The report also outlined recommendations towards the nation’s sustainability to ensure that such horrible events will never happen again. The process of integral healing of wounds as individuals and as a society is still ongoing.
For more information, you can read the Amnesty International Report: https://www.refworld.org/pdfid/412de7fb4.pdf
JUDGE: Just Peace Principles
Just Peace offers a framework for international global relationships, for interpersonal relationships, and our relationships with Earth and all creation. The Just Peace principles help us to fill in that framework with actions that can lead us to both personal and social transformation.
As you read the story of Peru’s reconciliation process, the words in bold print point to the principles that can guide our actions. A few of them you might recognize from the Just War requirements, though you’ll see they have a different focus.
Members of the Archdiocesan Commission on Human Rights visit Jarpa, pictured with Hermana Maria Luisa (left with mike) and Hermana Doris (third from left).
- Just Cause: The work of Just Peace is a response to all types of violence – whenever the fundamental dignity of a person or group is violated by injustices such as racism, poverty, exploitation, and discrimination. Protecting, defending, and restoring the dignity of all human life and the common good of the home we share with other creatures and the gifts of creation is a just cause.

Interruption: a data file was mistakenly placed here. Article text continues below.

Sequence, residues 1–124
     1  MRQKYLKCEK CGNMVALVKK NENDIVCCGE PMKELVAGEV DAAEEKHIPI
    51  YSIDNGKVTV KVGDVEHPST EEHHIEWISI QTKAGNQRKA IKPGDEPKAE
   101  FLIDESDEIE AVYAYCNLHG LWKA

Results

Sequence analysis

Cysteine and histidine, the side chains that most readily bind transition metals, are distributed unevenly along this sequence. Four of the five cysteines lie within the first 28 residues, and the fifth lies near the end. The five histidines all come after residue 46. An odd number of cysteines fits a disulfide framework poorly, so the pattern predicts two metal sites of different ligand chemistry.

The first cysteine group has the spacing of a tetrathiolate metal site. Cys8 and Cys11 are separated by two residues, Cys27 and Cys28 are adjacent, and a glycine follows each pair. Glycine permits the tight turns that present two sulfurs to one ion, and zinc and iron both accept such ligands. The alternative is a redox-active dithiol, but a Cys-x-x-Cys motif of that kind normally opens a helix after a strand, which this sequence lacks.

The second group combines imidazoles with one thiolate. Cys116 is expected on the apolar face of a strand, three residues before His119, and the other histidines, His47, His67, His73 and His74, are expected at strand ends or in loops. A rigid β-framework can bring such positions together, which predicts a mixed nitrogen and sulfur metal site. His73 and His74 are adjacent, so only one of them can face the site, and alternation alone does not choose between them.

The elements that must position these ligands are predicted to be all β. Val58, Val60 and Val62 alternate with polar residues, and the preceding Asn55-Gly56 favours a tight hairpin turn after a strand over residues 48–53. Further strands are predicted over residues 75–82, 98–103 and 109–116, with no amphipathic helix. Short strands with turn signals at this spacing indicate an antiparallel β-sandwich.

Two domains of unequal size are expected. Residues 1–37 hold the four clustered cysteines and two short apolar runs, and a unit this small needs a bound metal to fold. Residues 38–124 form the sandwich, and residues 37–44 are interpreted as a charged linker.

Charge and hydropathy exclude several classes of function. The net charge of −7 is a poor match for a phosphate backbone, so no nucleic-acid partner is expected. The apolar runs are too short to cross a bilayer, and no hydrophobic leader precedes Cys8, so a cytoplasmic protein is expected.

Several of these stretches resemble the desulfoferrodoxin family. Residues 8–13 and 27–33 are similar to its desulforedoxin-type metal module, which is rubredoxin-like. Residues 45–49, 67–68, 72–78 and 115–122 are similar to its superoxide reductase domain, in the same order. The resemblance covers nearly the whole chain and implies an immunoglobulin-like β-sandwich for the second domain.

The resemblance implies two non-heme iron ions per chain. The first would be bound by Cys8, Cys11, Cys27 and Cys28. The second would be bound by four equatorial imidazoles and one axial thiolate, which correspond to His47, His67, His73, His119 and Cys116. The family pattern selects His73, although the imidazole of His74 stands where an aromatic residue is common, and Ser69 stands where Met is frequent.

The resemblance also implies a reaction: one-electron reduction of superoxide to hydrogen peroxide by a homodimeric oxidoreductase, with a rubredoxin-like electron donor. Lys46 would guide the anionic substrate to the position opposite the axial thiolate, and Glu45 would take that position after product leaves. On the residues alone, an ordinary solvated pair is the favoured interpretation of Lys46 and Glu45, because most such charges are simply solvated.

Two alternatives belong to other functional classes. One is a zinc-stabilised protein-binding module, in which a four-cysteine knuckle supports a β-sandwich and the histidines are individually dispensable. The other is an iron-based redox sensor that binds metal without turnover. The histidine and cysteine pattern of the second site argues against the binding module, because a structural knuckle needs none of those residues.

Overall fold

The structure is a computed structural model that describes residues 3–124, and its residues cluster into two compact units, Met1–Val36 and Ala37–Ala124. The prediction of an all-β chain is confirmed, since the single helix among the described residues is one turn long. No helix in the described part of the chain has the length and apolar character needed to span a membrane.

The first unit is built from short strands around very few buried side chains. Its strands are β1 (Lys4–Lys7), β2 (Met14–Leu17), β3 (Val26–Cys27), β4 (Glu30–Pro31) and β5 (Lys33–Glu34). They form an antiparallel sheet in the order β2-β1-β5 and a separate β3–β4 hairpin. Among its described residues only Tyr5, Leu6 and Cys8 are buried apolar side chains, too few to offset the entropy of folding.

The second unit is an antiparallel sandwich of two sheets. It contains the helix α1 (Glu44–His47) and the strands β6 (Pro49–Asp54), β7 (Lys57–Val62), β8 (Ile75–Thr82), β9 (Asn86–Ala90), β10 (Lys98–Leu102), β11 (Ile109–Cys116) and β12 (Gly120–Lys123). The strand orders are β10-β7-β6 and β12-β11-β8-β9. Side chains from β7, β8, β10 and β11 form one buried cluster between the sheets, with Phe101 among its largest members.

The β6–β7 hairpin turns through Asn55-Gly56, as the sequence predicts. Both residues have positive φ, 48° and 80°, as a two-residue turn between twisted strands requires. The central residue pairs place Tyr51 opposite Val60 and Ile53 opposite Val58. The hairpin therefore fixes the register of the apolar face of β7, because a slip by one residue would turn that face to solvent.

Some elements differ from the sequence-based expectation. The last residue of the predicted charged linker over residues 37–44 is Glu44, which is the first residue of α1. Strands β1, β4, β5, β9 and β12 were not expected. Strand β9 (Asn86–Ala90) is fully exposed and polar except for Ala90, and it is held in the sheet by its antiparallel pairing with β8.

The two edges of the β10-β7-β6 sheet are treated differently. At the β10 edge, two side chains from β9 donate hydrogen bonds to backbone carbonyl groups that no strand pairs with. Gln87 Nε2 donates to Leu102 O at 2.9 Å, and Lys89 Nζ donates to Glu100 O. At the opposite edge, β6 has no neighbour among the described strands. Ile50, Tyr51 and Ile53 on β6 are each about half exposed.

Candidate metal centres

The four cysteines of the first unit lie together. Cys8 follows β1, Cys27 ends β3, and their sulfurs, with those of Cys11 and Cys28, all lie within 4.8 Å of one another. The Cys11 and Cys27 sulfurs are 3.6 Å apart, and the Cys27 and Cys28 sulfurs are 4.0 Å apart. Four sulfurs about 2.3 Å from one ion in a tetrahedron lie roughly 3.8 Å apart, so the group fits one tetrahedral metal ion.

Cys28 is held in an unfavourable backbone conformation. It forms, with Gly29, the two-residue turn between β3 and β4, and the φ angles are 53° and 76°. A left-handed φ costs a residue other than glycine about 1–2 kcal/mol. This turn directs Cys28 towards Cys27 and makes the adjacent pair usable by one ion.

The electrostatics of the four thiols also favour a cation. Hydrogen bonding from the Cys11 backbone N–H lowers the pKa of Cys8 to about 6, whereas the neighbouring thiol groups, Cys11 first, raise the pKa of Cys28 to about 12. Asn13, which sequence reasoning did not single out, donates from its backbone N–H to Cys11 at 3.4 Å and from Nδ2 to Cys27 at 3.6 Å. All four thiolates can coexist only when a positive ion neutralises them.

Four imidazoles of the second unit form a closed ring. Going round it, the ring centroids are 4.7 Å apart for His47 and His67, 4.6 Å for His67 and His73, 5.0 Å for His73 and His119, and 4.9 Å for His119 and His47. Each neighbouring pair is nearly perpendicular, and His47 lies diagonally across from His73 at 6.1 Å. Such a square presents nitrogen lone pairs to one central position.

- Right Intention: Intentional efforts to establish gospel justice include:
- Deepening awareness of our interconnectedness;
- Standing in solidarity with the rostros concretos of the marginalized;
- Recognizing the gifts of all persons and all creation.
Jesus’ words and actions lay out for us both motivation and model for our response.
- Participatory Process: Justice cannot be established for people; it has to come from the people, with the people. Dialog. A place at the table. Influence in decision-making. All are profound signs of respect and affirmation of the inherent worth and dignity of persons affected by injustice.
"Anything done for me without me is done against me."
-Anta Gueye-James, Catholic Relief Services, Senegal
- Right Relationship: Social relationships encompass both hierarchical and horizontal experiences. In right relationship, all of these are directed toward mutuality and the common good. The social fabric of a broken society can only be restored on a foundation of respect and affirmation of the inherent worth and dignity of each person. Right relationship calls for humility to understand more deeply our interconnectedness and the mutual benefit to all of truly just relationships.
Butterfly reflecting the colors of the Peruvian flag. The blood of the victims of terrorism fertilizes the earth and peace processes.
Discussion of the Just Peace principles of Reconciliation, Restoration and Sustainability will continue in the next edition of Where Justice and Truth Meet.
Interested in learning how you can get involved in our social justice efforts? Visit our Dismantling Racism page to learn ways you can get involved in Where Justice and Peace Meet.